I went public on this blog that I officially do not identify as being a Republican any more.  A conservative, yes, but a Republican, absolutely not.  The GOP ceased being anything I feel like identifying with a few years ago, the culmination of a slide towards big government, big spending, and religious fundamentalism that began with the election of GWB.  So if you’re a fundamentalist Christian you’re probably thrilled with Bush right now, but anyone else is going to be pissed off to one degree or another.  Me, I’m in the camp right now that I’m so disgusted with both parties I honestly don’t give a fiddler’s fart who takes power in 2008.  There’s virtually no difference between the two parties any more.

But, ironically, the candidate who may benefit the most from the current discontent among Republicans is Sen. John McCain, a Beltway media darling who has often been unpopular among conservatives for his apostate views. But since Mr. McCain doesn’t depend on the Bush White House or his party’s leadership for favors, he is liberated to blast away at their abandonment of principle.

At a dinner last month with editors of The American Spectator, he called for revisiting the bloated highway bill and for outright repeal of the prescription drug bill--"a program that no voter understands and will usually oppose once they do.” It’s a sign of the failures of Republican leaders to follow conservative principles that Mr. McCain is becoming the most visible opponent of business-as-usual in Washington right now.

In 1999 I supported Bush over McCain.  I was wrong.  There’s a lot I don’t like about McCain, but knowing what I know now about Bush, McCain would have made a vastly superior president.  How ironic would it be if the Bush legacy was a McCain presidency and a Democratic takeover of Congress.

At this point, I’m voting Libertarian in 2008.  It’s a piss-away vote, to be sure, but I cannot in good conscience vote for the GOP any more.  I’ll vote for them in CA state issues, but the GOP is going to have to actively and publicly change its tune before I ever vote for them in a national election again.  If I wanted four years of incompetence, big government, and runaway spending I would have voted for the Democrats.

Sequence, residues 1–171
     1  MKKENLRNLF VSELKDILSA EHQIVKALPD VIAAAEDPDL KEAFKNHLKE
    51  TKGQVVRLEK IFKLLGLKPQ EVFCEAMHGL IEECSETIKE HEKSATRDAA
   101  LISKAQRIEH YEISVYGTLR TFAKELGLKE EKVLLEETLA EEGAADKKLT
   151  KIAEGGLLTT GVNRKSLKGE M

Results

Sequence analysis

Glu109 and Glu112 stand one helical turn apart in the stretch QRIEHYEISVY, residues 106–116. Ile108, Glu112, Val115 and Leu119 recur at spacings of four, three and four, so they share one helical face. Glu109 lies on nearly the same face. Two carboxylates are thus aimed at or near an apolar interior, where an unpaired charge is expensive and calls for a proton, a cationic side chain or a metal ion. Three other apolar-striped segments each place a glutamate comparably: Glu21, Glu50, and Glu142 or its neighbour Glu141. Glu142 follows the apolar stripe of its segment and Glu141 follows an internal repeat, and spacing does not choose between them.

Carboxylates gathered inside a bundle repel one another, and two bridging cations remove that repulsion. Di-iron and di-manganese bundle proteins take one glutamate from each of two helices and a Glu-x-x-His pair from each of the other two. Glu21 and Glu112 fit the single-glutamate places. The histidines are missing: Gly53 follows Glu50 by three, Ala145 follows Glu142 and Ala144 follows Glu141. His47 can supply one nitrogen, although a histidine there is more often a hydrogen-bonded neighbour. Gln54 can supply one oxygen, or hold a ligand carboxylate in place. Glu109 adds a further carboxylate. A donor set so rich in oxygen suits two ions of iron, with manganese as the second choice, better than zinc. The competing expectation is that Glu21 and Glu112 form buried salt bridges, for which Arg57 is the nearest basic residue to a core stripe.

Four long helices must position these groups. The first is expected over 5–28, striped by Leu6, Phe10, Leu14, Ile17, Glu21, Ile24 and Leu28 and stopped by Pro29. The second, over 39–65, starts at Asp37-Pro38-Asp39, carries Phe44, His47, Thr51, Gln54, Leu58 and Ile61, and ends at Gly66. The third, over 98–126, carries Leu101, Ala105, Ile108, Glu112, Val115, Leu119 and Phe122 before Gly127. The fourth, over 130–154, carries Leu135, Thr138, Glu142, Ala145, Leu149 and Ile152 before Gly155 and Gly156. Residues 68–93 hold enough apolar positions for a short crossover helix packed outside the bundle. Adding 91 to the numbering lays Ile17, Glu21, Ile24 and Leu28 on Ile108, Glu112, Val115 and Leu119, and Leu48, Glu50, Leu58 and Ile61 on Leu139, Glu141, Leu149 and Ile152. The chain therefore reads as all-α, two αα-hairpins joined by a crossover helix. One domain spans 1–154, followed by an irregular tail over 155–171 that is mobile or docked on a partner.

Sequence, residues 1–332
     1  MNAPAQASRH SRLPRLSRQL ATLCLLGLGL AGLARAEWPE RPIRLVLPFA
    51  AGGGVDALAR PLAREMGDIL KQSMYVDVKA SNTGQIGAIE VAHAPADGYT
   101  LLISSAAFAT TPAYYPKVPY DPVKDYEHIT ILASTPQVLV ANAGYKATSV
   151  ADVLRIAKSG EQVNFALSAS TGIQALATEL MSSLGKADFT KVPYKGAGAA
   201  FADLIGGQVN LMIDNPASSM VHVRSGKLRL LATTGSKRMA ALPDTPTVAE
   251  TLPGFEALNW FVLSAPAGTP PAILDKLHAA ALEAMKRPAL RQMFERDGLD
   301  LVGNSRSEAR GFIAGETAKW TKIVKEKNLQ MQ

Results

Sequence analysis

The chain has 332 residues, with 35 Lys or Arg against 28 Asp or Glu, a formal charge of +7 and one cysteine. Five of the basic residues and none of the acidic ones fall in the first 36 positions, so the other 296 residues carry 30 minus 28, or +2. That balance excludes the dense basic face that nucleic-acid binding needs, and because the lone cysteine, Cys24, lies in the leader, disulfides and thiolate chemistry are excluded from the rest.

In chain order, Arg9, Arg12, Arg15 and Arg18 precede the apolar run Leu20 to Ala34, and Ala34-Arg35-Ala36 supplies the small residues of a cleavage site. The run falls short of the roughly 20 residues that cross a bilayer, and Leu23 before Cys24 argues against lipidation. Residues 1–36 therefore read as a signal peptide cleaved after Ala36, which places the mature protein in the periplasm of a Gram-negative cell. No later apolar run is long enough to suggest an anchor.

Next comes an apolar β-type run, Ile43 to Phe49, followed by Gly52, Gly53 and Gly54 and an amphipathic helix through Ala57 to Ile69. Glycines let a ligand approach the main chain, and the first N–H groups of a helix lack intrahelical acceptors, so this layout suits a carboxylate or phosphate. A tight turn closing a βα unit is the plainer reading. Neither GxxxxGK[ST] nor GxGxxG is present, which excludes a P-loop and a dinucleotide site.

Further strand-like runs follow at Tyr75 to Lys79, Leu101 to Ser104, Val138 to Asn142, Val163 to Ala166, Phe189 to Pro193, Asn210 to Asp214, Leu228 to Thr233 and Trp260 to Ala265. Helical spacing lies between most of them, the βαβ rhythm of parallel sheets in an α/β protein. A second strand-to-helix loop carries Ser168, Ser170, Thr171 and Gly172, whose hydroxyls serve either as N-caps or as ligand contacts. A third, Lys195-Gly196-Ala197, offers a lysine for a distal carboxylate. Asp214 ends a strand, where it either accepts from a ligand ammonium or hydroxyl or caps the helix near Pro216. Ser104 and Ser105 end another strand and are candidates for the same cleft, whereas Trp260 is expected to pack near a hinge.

Posted by Lee on 10/03/05 at 07:58 AM in Politics  • (0) TrackbacksPermalink

Harriet, Sweet Harriet
by Lee

It’s Harriet Miers.

President Bush on Monday nominated White House counsel Harriet Miers to replace retiring Justice Sandra Day O’Connor on the Supreme Court, reaching into his loyal inner circle for a pick that could reshape the nation’s judiciary for years to come.

“She has devoted her life to the rule of law and the cause of justice,” Bush said, announcing his choice from the Oval Office with Miers at his side. “She will be an outstanding addition to the Supreme Court of the United States.”

If confirmed by the Republican-controlled Senate, Miers, 60, would join Justice Ruth Bader Ginsburg as the second woman on the nation’s highest court and the third to serve there. Miers, who has never been a judge, was the first woman to serve as president of the Texas State Bar and the Dallas Bar Association.

I’m really not in any position to comment here, because I don’t know a damn thing about the woman other than what I’ve read in the papers the last few days.  I’ll wait to read the opinions of others more versed in the law than myself.  That being said, check out the BBC article on the nomination.  They conveniently neglect to mention any of Miers’ qualifications for the post, but made sure to include this important information.

Ms Miers, 60, has been serving as President Bush’s top legal counsel since November 2004.

She also served on Mr Bush’s gubernatorial campaign in 1994 - and again during his presidential election of 2000.

That’s right, folks.  Her legal abilities, her professional experience, apparently none of this is newsworthy.  But pointing out the fact that she worked on Bush’s campaigns, well, that’s vastly important.  See, they can’t defame the candidate directly, so they do it via the omission of her qualifications and by tying her to Bush. 

Ah, the good old BBC, where bias is Job 1.

Update: There’s a good list of pre-announcement Miers-related links over at Right Side Redux.

Posted by Lee on 10/03/05 at 07:49 AM in Politics  • (0) TrackbacksPermalink

Yet Another Camel Post
by Lee

It’s camel versus camel in an all-Arab death match!

Iraq’s interior minister has hit out at Saudi Arabian suggestions that Iran is wielding ever-greater influence in Shia-dominated Iraq.

Bayan Jabr accused Saudi rulers of hypocrisy over their autocratic regime, and disparaged the Saudi foreign minister as a “Bedouin riding a camel”.

Mr Jabr said Iraq was an independent nation that would not be dictated to by any foreign power.

His remarks were criticised by Hoshyar Zebari, Iraq’s Foreign Minister.

Mr Jabr’s comments were a retort to remarks made by Prince Saud al-Faisal, the Saudi Foreign Minister, on a trip to Washington in September.

Prince al-Faisal expressed concern that Shia Iran was using conflict and chaos inside Iraq to extend its influence across the border.

“We are Iraqis and we are responsible for solving our problems, we will not allow anyone to interfere,” said Mr Jabr, who sits in Iraq’s parliament for the Supreme Council for the Islamic Revolution in Iraq (SCIRI), a religious Shia party.